Review: 'White House Down' Bursts with Typical Emmerich Action
by Jeremy Kirk
June 28, 2013
This year has been a rough year for the White House. Other than the actions of Cobra, two films feature central premises of terrorists taking the building over and a lone agent attempting to rescue the President. The Antoine Fuqua-directed Olympus Has Fallen was rough around the edges, but Roland Emmerich - he who brought us Independence Day and 2012 - has a different approach for White House Down. More in tune with the summer blockbusters around it, it's an incessant barrage of dumb fun, an action film that would have been perfect in the 90s. If that's your thing, your brain has already been checked at the door.
You could pretty much copy and paste the synopsis from Olympus Has Fallen substituting Jamie Foxx for Aaron Eckhart as POTUS and Channing Tatum for Gerard Butler as the rogue agent trying to rid the White House of bad guys. Foxx's President Sawyer is making bold attempts at pulling troops from the Middle East and piecing together peace talks between the foreign nations. However, a group of mercenaries led by Jason Clarke have other plans, and the building is soon under their control with only Tatum's John Cale to stop them. Fortunately, unlike Olympus Has Fallen, the President gets to assist in the nonstop action here. Cue the explosions.
That last line goes without saying when Roland Emmerich is involved. The man made his biggest mark in 1996 when he first blew up the White House as Independence Day's centerpiece special effect. As if the last 17 years of cinema never even happened, White House Down launches itself onto the screen with CG-laden action set pieces abounding. The effects aren't bad here, just obvious, and it's unfortunate when they take you out of the action just as Emmerich's solid pacing is driving you further in.
The story by James Vanderbilt (The Rundown and The Amazing Spider-Man) is thin, many sequences and plot points coming off as derivative of The Rock as much as it is Die Hard. A small group of tourists are held captive, Cale's daughter (Joey King) included. The motives behind the White House taking are right in line with General Hummel's reasoning for taking over Alcatraz, though Vanderbilt has a roundabout way of expressing this. You know there will be double crosses. You're pretty sure the mercenaries here have an inside man, and if you're paying any attention in the film's first 30 minutes you can take a pretty strong guess as to who it is. Fortunately that "twist" hits early, and the film's real villain - not to be revealed here - is able to actually play the baddie for much of its runtime.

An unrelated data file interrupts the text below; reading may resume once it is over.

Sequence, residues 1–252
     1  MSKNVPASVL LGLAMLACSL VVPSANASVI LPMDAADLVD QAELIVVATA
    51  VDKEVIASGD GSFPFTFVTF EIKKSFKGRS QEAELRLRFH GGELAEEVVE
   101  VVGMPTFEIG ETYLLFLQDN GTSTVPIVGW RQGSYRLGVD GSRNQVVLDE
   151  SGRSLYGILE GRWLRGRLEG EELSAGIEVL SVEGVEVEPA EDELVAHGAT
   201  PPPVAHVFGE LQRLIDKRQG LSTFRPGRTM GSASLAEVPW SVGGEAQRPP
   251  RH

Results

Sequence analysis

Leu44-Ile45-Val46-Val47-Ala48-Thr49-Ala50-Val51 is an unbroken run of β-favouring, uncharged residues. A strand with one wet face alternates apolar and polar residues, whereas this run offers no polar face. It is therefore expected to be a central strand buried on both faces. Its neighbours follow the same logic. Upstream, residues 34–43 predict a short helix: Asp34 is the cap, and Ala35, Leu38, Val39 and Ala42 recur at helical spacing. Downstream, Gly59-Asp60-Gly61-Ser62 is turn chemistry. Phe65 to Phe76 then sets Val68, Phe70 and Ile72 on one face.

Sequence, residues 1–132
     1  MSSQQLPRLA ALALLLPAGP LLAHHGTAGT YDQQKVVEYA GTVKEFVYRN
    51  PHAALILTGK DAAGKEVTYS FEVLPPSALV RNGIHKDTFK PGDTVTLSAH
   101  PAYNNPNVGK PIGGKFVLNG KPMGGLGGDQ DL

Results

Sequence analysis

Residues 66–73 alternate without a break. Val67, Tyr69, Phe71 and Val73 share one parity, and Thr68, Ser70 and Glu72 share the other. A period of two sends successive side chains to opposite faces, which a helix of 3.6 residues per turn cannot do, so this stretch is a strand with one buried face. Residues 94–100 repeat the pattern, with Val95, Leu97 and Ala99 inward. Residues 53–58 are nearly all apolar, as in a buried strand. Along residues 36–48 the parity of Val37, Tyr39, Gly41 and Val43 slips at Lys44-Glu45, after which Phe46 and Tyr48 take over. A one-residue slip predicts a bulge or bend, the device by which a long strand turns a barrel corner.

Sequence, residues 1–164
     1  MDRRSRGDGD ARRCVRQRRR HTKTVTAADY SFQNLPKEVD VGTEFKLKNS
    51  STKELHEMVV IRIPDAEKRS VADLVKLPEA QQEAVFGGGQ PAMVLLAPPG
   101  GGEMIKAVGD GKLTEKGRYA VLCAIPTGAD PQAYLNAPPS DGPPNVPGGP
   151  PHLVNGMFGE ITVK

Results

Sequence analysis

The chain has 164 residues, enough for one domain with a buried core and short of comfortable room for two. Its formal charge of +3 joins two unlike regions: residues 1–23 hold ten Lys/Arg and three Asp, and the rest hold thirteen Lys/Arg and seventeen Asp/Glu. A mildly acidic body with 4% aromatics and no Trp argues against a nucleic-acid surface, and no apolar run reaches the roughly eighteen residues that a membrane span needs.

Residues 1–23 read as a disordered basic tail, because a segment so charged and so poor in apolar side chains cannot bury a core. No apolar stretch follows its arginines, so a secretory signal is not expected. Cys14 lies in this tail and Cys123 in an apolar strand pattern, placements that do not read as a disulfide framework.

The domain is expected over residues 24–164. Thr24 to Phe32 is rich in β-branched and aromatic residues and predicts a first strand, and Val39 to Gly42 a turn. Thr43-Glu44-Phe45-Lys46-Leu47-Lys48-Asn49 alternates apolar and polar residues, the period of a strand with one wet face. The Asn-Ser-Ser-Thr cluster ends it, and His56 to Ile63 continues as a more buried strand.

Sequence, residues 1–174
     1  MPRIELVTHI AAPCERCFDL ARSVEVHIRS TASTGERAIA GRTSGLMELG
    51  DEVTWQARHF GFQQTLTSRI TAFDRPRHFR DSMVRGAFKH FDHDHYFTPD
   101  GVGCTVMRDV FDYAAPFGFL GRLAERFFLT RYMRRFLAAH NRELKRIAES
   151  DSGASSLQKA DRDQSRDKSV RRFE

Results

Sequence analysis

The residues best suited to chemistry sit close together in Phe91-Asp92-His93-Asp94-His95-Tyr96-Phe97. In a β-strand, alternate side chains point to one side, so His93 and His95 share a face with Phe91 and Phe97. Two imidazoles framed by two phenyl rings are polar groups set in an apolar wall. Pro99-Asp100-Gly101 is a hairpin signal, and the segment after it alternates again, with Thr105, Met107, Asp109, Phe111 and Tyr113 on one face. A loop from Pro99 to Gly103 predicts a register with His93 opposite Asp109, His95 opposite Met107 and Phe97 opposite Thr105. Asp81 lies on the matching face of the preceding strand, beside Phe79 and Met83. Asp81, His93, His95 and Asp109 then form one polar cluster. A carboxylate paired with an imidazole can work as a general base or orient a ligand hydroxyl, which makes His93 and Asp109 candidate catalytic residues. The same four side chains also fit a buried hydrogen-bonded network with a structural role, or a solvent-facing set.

Speaking of which, White House Down runs well over two hours, just another indication that it's intended for summer audiences. As is usually the case, the length isn't justified, and many of the latter action pieces feel like they are getting to the wrap-up. And then the film keeps going. Then it goes a little longer.
Even so, the movie has enough to throw at us and does so with just enough flash and speed to keep the overall momentum going. Even when Emmerich cuts back to the "control room" where Generals and politicians are watching on via computer monitor, the director makes every attempt at keeping the intensity levels up. White House Down boasts a number of high points, gunfights and even a suspenseful car chase around the building's front lawn. But none of these, exciting as they may be, are as entertaining as the buddy action movie going on between Tatum and Foxx.
Individually, each actor seems to be giving 50% at the most. It's hard to ask for more in a movie that's meant to be taken as seriously as this. Tatum's badass but loving father is only slightly more believable than Foxx's scrupulous and energetic Commander in Chief. It's when the two are together that they seem to be at play more, as if the thrill of diving across furniture to evade whizzing bullets and blowing up SUVs filled with mercenaries is all in a day's fun. They even get into some good, old fashioned buddy action banter, though not enough to rival the great action duos.
They're still loads more entertaining to watch than much of the supporting players. Maggie Gyllenhaal and James Woods as members of the Presidential security detail, Richard Jenkins as Speaker of the House, and Clarke as top dog merc all seem to be on a kind of autopilot. Some of them aren't even at that 50% where the leads are holding for most of the film. Again, it's difficult to expect more when the real selling point here is wanton chaos and action action action.
On that front, White House Down delivers. It's just fun enough to forgive the shallowness, just exciting enough to look past the hokey visual effects. Emmerich takes the right approach with tongue planted firmly in cheek, even letting one of the characters name-drop Independence Day as a film where the White House blows up. The director is still doing that very same thing, and though White House Down's edges have been buffed down to a pristine, PG-13 smoothness, the entertainment value is undeniable. Especially if you haven't seen a film since Independence Day.
Jeremy's Rating: 7.5 out of 10